Our classic and collector car expert continues today with the second part of his four-part series on the restoration of public relations executive Laura Ballance’s rare 1967 Ford Mustang T5 by 360 Fabrication in Abbotsford…

The restoration business has changed a great deal – in the past, most auto body repair shops would only take on such work when their collision work dried up.

Now, it’s very specialist work and I’m often asked if I could recommend a restoration shop. To be honest with you, I would be hard pressed to come up with enough names to fill the fingers of one hand.

But I have no hesitation in saying that I doubt there is one in the entire country that restores and builds as many custom cars as 360 Fabrication, in Abbotsford. They control the costs and track the daily progress by using a number of management systems and a Gantt chart.

The secret to controlling the work is to perform all of the tasks in-house with perhaps the exception of chrome plating.  During my time in the trade, costs kept mounting up and either the customer or the technician, who worked on a flat rate (piecework) basis, was short changed resulting in ill feelings between the shop owner, his staff and the customer mainly caused by the lack of communication and too many assumptions!

Laura Ballance’s original plan was to have a sympathetic restoration performed, replacing only what was necessary. But cars are no different from houses, boats and planes, so when the Mustang was disassembled and stripped they discovered that probably the only thing holding the car together was Laura’s father’s DIY welding!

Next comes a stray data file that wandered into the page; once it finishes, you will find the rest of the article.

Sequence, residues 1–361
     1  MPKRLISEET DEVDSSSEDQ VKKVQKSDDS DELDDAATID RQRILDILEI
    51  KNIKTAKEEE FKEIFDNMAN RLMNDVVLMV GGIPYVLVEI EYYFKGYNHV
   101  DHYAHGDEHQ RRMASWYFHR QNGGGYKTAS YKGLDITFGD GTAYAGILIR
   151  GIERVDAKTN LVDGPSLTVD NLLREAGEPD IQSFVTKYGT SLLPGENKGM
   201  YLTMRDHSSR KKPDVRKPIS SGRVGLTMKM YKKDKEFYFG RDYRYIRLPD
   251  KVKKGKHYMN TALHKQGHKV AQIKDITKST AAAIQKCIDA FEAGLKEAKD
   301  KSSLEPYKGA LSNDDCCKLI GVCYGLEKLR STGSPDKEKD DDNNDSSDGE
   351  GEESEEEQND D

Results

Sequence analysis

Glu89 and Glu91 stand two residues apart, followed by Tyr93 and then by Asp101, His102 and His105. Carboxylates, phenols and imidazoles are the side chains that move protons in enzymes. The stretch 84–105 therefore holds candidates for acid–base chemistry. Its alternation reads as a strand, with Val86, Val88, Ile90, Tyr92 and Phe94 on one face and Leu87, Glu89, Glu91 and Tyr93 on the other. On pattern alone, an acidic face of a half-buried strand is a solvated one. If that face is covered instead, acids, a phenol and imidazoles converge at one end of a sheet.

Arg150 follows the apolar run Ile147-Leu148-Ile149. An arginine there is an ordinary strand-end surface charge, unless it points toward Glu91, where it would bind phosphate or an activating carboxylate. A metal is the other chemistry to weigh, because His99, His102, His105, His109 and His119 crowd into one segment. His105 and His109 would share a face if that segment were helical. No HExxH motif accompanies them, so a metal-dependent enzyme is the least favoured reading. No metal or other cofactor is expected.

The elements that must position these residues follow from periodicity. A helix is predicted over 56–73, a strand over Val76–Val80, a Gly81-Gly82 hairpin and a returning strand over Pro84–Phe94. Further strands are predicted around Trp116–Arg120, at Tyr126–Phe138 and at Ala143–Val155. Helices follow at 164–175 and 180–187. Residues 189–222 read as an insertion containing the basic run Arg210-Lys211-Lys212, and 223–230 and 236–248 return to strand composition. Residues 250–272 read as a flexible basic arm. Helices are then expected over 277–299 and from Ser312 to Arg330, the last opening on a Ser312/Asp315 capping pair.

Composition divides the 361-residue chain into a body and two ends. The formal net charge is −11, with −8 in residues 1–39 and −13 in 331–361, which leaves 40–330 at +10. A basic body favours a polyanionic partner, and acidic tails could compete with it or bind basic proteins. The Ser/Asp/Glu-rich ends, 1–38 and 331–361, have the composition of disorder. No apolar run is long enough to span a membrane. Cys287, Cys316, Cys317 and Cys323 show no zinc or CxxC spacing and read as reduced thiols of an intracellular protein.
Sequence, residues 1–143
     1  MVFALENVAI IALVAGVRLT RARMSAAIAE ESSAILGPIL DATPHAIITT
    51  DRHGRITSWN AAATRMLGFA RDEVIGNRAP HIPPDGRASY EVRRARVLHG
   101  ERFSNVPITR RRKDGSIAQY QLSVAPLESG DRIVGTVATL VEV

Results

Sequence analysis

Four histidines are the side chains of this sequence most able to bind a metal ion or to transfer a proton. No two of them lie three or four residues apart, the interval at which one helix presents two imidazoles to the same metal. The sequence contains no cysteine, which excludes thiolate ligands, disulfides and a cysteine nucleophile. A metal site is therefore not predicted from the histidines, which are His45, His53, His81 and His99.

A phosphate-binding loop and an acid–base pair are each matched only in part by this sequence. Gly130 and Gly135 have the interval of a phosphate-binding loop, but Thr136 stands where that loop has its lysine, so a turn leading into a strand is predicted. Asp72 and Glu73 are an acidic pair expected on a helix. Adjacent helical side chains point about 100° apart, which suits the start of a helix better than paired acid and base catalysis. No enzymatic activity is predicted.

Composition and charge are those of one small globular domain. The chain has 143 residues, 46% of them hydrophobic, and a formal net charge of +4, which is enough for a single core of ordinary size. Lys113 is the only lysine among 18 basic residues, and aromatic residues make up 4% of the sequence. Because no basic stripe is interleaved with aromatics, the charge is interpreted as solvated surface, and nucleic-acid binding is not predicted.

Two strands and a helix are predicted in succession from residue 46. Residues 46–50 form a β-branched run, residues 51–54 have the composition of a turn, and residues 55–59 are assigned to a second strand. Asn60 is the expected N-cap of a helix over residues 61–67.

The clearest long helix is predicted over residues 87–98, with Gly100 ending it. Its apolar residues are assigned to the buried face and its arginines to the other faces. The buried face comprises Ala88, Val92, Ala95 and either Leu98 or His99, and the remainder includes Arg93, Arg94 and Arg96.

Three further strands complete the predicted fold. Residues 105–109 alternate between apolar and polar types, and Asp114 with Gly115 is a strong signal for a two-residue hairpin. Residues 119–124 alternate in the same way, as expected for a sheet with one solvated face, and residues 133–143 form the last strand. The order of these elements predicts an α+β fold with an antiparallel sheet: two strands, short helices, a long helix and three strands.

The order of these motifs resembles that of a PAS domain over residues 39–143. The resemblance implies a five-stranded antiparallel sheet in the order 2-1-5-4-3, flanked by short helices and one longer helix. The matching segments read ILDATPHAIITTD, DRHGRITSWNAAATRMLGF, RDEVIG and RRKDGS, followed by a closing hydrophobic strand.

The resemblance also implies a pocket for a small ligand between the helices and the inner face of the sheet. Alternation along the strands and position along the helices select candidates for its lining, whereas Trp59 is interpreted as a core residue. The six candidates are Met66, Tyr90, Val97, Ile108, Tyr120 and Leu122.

The Mustang is a relatively easy car to restore in terms of obtaining new parts. In this case, by the time the air chisel and plasma cutter was put away the only major sheet metal components left was the roof, “A” pillars, rocker-panels, bulkhead and the two front frame rails and the rear section of the floor. I have heard the expression “better than new” a few times over the years and have often wondered how can it be better than new? But it can.

Today’s  restorations have improved with the help of new technology such as compression fit welding equipment, seam sealers and paint products including epoxy primers, spray on polyester fillers and the waterborne color coats with a clear coat finish. These products are far superior to anything that came off the production line during the ‘60s.

Rick Francoeur and his team at 360 always allow the customer to be in control and understand customer needs and expectations, even down to the smallest sentimental detail. However, sometimes they have to advise the client for their own benefit, sometimes financial, safety related or future re-sale value. Laura wanted the Mustang refinished it its metallic blue, all the rage during the ‘60s and the car she remembers. But if the car is to retain its value and to represent how it came off the production line as a rare T5, it had to be painted its original Ford Paint Code Z, an interesting colour called Sauterne Gold Irid. This colour combined with a black interior and vinyl roof will make the car a real eye catcher.

Next week, we will look into the mechanical component restoration and exterior trim replacement.

*Nigel Matthews is the director of sales and marketing for Hagerty Insurance Canada. nmatthews [at] hagerty [dot] com

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